Voices from Russia

Thursday, 1 January 2015

ITAR-TASS Presents… Memories of Soviet New Years

00 Soviet New Year 01. 1963 Moscow. 01.01.15

New Year celebration in 1963 in the Dom Profsoyuzov, Moscow (Russian Soviet Federative Socialist Republic) USSR


00 Soviet New Year 02. 1977 Moscow. 01.01.15

Ded Moroz and Snegurochka entertain children in the Kremlin Palace of the Soviets, Moscow, 1977


00 Soviet New Year 03. 1977 Moscow. 01.01.15

New Year celebration in the Kremlin Palace of the Soviets


00 Soviet New Year 04. 1977 Moscow. 01.01.15

New Year celebration in the Kremlin Palace of the Soviets


00 Soviet New Year 05. 1977 Moscow. 01.01.15

Queue at Detsky Mir (Children’s World) toy store, Moscow, 1983


00 Soviet New Year 06. Tbilisi. Georgian SSR. 01.01.15

New Year celebration in the Tbilisi Palace of Sports, Tbilisi (Georgian Soviet Socialist Republic) USSR


00 Soviet New Year 07. new TV set, 1963. 01.01.15

Buying a new TV set ahead of the New Year holiday, 1963


00 Soviet New Year 08. estonian SSR 1982. 01.01.15

New Year programme on Estonian TV, 1982


00 Soviet New Year 09. Moscow 1964. 01.01.15

New Year celebration in a kindergarten, Moscow, 1964


00 Soviet New Year 10. Moscow 1985. 01.01.15

Sale on the Arbat ahead of New Year, Moscow, 1985


00 Soviet New Year 11. Moscow Oblast 1984. 01.01.15

Ded Moroz at a winter Pioneer camp in Moscow Oblast, 1984


00 Soviet New Year 12. Uzbek SSR 1965. 01.01.15

Antonov An-2 aircraft delivered New Year trees to residents in Bukhara Oblast, Uzbek SSR, 1965


00 Soviet New Year 13. Altai Krai 1980. 01.01.15

Ded Moroz and Snegurochka in Altai Krai USSR, 1980


00 Soviet New Year 14. 1985. 01.01.15

New Year celebration, 1985


00 Soviet New Year 15. Moscow, 1985. 01.01.15

Ded Moroz leads gymnastics class in Moscow, 1985


00 Soviet New Year 16. RIga Latvian SSR. 01.01.15

Ded Moroz in Riga, Latvian SSR, 1986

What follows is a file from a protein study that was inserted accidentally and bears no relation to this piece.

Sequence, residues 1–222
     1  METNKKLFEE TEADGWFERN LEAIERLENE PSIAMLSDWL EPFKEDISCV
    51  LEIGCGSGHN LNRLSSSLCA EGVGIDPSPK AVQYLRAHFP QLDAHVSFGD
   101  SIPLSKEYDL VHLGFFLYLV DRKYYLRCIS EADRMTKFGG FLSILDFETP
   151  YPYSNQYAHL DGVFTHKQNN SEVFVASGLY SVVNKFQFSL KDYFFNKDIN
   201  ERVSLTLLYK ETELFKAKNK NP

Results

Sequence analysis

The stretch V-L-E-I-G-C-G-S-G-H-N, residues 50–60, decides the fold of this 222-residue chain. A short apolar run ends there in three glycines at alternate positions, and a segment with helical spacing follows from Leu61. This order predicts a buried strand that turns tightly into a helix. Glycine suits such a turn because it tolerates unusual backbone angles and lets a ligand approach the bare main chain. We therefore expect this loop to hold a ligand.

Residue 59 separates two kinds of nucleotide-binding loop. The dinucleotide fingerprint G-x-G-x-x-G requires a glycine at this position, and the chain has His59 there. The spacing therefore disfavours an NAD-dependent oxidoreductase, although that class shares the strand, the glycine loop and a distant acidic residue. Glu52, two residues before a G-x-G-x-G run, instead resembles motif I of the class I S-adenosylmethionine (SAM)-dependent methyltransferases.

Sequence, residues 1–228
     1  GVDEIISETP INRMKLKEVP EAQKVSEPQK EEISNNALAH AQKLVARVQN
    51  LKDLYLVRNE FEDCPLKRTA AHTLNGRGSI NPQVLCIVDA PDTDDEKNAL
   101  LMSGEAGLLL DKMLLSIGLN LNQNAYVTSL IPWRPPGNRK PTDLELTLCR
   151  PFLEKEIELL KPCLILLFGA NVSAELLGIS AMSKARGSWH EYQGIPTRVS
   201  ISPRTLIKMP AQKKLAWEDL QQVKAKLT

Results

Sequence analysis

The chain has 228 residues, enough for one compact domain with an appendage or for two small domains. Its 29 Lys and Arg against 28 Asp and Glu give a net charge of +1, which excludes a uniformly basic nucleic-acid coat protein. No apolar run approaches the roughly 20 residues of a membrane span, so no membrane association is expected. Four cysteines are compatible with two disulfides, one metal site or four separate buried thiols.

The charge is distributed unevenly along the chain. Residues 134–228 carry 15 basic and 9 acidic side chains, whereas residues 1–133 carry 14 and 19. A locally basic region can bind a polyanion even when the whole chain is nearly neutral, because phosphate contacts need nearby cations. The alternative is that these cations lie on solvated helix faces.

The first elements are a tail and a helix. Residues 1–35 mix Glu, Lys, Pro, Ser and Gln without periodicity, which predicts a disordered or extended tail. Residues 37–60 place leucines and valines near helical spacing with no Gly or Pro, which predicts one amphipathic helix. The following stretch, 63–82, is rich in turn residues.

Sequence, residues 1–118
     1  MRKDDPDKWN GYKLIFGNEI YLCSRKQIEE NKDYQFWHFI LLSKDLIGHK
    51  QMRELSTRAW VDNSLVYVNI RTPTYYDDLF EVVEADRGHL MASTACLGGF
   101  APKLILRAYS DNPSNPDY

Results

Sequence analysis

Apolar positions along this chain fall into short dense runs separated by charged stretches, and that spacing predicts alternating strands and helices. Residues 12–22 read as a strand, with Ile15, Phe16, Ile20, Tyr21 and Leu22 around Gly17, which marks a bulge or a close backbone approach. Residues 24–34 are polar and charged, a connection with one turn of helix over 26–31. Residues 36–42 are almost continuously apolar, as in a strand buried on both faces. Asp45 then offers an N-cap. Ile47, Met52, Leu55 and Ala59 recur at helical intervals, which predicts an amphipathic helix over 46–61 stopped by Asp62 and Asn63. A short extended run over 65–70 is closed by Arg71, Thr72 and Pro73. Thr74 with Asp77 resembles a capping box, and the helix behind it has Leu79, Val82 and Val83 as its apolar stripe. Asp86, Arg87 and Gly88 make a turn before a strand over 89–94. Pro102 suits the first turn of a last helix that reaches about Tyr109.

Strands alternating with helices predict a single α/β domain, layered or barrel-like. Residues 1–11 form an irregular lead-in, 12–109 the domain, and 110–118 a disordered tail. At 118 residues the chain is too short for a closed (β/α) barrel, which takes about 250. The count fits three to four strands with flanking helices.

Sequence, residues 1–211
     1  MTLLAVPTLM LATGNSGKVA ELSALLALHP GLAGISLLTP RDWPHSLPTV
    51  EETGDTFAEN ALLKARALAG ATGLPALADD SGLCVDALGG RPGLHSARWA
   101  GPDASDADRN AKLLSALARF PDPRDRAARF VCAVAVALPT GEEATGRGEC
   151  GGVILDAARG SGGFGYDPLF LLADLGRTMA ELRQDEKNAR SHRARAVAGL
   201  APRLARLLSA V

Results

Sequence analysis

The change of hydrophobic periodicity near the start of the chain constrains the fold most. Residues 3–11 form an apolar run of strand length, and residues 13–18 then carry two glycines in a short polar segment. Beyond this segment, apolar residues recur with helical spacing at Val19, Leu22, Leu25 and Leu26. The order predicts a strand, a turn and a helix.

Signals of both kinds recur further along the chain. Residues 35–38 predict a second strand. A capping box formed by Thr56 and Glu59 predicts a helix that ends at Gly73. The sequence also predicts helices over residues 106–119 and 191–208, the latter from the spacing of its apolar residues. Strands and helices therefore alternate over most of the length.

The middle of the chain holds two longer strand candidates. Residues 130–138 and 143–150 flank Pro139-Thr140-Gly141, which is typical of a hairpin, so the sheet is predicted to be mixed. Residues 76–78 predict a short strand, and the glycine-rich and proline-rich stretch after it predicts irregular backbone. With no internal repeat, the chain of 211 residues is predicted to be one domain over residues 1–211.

The first official New Year performance for children in the USSR was in the Column Hall of Moscow’s Dom Profsoyuzov (House of Trades Unions) in 1936. These images recall Soviet New Year celebrations and activities.

29 December 2014




THIS is the “Evil Empire” that pigs like Victor Potapov and Patrick Buchanan expostulated about. Living standards in the USSR were lower than in the USA because the Soviets had to spend huge amounts on armaments to defend against Western aggression and rebuild their war damage, all at once. The USA suffered NO war damage… so American boasting about the Cold War is wrong, not to the point, and mendacious in the extreme. The main Sov forces were in the Western Military District in Byelorussia, that’s where all the most-modern stuff was… the forces in Germany and Czechoslovakia were meant to absorb the impact of a Western attack. The history of the last twenty-odd years proves that wasn’t paranoia… the Anglo Americans are violent and peevish toddlers… ask the Serbs, Afghans, Yemenis, Palestinians, Iraqis, and Novorossiyans… and the Native Americans and Filipinos before them (a Filipino said, “The Spaniards were bad, the Americanos were worse, the Hapons were worse than that, but the worst of all were the New Americanos”).

The USSR was done in by Gorbachyov’s incompetence, not the “superiority” of the West. VVP is right… the fall of the USSR was a historical tragedy. These photos prove it. One last thing… this image set is NOT anti-Soviet… fancy that… it proves that Russians do NOT despise their past, as Anglo Americans do. I think that a new socialism is arising in Russia. A spectre haunts the country clubs and Tea Party haunts… methinks that the prideful rightwing obituaries for socialism were a bit premature…



Monday, 5 May 2014

Primakov: “There’s Been no Such Surge of Patriotism since the Victory in the Great Patriotic War and the First Human Spaceflight”

00 Crimea rally. Moscow 02. 19.03.14


On Wednesday, ex-Chairman of the RF Government Yevgeni Primakov said during a lecture at Moscow State University, “Russia’s reunification with the Crimea and Sevastopol wasn’t a well-thought-out decision, but rather a reaction to developments in the Ukrainian crisis, which outside forces orchestrated. Russia took measures to ensure security of the peninsula’s population during the vote from raids and provocations by radicals. There’s been no such surge of patriotism since the victory in the Great Patriotic War and the first human spaceflight”.